Breakdown Hands-On Impressions
Namco's new first-person adventure game packs a serious punch. Read our impression of the first hour of the game.
We've gotten our hands on the latest build of Breakdown, Namco's ambitious Xbox-exclusive first-person action adventure game, and so far we're downright impressed by what we've played. Though we've just scratched the surface of what this interesting title will offer, we've been wowed several times by the innovative little touches that have immersed us in the experience. After about an hour of play time, we feel pretty secure in saying that Breakdown will redefine your conception of what's possible in a game with a first-person perspective.
Though we've not yet delved too deeply into Breakdown's bizarre and intriguing storyline, this much is clear: You're Derrick Cole, and you've awoken from some sort of injury in a high-tech research facility. Soon after you've regained your senses, the doctors monitoring you are slaughtered, and the building is overrun by a coordinated squad of soldiers. An agile companion named Alex, who has some really impressive fighting moves (think Trinity from The Matrix), helps you out of bed and travels with you as you attempt to escape the facility, fighting the military agents and a number of mysterious, nearly invincible supersoldiers along the way.
Breakdown puts you in the shoes of your character more so than just about any first-person game we've ever played. When you first start the game in the hospital bed, you can actually look down and see your legs stretched out. The animations for picking things up, opening doors, putting on clothing, and the like all look uncannily realistic and use your perspective effectively to enhance their effect. You can interact with many elements of the environment--for instance, if you see a cheeseburger in the cafeteria, you can pick it up and actually watch your character raise it toward your view and take bites out of it (which restores some health). The level of immersion in Breakdown is going to be really surprising to players who are accustomed to merely shooting everything in a first-person game.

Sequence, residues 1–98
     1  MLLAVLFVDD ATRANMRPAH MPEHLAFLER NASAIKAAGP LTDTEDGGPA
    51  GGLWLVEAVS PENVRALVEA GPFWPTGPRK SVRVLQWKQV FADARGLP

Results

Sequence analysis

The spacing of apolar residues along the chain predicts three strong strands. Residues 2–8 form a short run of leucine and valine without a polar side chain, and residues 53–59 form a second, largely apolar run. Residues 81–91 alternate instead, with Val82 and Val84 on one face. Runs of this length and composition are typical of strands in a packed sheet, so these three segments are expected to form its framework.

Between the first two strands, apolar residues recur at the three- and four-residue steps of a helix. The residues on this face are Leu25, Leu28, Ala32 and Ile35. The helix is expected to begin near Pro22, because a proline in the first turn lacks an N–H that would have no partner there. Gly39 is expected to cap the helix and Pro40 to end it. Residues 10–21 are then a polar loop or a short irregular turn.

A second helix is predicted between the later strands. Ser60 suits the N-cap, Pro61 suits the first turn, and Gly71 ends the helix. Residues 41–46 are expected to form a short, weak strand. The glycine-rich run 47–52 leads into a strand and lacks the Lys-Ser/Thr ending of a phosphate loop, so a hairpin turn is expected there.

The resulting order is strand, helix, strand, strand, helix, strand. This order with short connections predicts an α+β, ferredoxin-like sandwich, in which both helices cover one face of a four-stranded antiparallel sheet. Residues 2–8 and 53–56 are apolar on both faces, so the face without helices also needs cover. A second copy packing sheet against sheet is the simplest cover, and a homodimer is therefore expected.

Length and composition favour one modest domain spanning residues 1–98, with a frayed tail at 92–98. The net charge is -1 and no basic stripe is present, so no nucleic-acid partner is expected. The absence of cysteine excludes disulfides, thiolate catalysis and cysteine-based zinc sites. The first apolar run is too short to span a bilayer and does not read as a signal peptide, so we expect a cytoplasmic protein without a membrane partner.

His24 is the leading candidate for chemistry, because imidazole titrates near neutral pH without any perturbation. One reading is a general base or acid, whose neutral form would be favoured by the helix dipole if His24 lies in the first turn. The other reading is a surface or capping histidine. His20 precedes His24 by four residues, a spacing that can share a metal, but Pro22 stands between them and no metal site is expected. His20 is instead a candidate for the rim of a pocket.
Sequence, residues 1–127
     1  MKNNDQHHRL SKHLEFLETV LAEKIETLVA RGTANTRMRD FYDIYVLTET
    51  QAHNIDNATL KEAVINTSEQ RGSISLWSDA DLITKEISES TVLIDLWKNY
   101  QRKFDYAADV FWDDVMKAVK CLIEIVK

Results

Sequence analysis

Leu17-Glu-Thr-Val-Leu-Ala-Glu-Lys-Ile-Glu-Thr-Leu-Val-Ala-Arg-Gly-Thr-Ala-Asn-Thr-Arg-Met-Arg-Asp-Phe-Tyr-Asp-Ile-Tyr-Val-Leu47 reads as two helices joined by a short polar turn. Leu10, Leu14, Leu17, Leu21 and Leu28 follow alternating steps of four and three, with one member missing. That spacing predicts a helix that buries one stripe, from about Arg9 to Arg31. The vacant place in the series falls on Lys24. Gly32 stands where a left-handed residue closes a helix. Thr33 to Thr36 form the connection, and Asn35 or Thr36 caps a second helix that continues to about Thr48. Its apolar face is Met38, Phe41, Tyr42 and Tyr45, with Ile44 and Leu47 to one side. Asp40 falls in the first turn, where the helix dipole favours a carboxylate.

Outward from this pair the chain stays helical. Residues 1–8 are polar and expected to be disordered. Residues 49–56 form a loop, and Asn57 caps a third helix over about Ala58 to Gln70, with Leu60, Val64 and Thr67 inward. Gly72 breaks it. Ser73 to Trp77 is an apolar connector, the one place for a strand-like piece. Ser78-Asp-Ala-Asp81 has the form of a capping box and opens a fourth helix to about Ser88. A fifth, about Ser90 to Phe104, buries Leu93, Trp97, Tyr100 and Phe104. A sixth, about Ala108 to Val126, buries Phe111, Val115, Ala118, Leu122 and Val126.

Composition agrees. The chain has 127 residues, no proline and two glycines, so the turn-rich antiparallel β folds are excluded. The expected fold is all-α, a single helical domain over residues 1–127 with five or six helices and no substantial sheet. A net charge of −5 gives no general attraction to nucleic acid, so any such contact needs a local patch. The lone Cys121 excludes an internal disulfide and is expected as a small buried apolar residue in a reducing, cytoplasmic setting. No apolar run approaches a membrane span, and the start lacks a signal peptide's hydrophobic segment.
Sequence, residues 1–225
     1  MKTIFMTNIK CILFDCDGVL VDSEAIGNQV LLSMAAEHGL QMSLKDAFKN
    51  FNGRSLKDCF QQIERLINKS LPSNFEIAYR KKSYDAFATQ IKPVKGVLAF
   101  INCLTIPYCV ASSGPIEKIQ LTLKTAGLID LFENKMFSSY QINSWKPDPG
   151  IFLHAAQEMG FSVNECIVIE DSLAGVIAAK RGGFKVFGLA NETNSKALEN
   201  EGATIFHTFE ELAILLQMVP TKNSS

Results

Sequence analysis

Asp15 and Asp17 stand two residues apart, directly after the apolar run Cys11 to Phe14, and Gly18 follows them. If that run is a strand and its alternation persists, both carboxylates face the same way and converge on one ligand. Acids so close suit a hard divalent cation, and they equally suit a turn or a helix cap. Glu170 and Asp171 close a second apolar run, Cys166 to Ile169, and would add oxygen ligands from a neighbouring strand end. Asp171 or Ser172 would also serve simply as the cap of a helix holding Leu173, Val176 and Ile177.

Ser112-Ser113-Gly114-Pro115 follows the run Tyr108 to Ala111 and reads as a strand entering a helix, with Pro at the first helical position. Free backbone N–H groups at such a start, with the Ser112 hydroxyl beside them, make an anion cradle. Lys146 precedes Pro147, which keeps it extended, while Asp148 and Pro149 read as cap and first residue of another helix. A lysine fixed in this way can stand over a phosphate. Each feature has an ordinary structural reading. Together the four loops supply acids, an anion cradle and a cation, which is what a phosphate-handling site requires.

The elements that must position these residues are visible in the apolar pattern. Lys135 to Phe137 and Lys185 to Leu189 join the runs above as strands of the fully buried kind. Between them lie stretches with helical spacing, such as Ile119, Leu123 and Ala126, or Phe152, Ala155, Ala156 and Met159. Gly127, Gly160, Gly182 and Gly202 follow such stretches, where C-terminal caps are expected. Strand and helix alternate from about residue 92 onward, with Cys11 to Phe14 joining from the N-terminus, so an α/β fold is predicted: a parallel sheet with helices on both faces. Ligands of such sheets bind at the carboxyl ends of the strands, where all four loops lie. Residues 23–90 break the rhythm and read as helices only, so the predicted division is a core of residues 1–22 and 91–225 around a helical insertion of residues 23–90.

Speaking of shooting, there's a lot of it going on so far in the game. The gun combat uses an auto-targeting system that makes it easy to cycle between enemies and shoot them, although we'd like to see some freedom in the aiming to score headshots. As it is, it can be a little tough to fell enemies with body armor since you're required by the targeting system to fire at their torsos. So far we've lifted a pistol and a submachine gun from the soldiers, both of which pack a nice punch. You can raid fallen enemies for extra ammo, food rations, and other such supplies, of course.
Much more innovative than the firearms in Breakdown is the game's hand-to-hand combat, the likes of which haven't really been seen in a first-person game before. Sure, some shooters let you use your fist as a last-ditch melee weapon, but Breakdown gives you a full suite of fighting game-style moves to use against your enemies. We've pulled off a variety of punch combos, uppercuts, side punches, and kicks to take out enemies, and it's truly satisfying to just whale on an opponent, knocking him clear across the room and into a wall. Without giving too much away, those supersoldiers we referred to that are impervious to bullets will eventually feel the immense power of Derrick's punches and kicks as he begins to regain some sort of mysterious supernatural abilities.
Derrick's strange nature manifests in more than his attacks; as you play, you'll be subjected to some truly weird hallucinations. We've seen ghostly cats crossing our path, we've seen our flesh and then muscles stripped from our arms (reducing them to bones), and we even walked through a door to find ourselves in some sort of strange desert otherworld, which we wandered aimlessly until we entered a freestanding door and were returned to the research facility. There have been a lot of "whoa" moments like this in the early part of Breakdown that really lend a great amount to the game's atmosphere.
Like we said, we've barely scratched the surface of what Breakdown has to offer. The game still has a ways to go before its March release, what with tweaking the difficulty, the AI, and the like, but it's very cool so far. The cinematic and immersive techniques being used really pull you into the action without feeling gimmicky, and we can't wait to keep playing to see what other surprises the game has in store. Stay tuned for more on Breakdown in the coming weeks.
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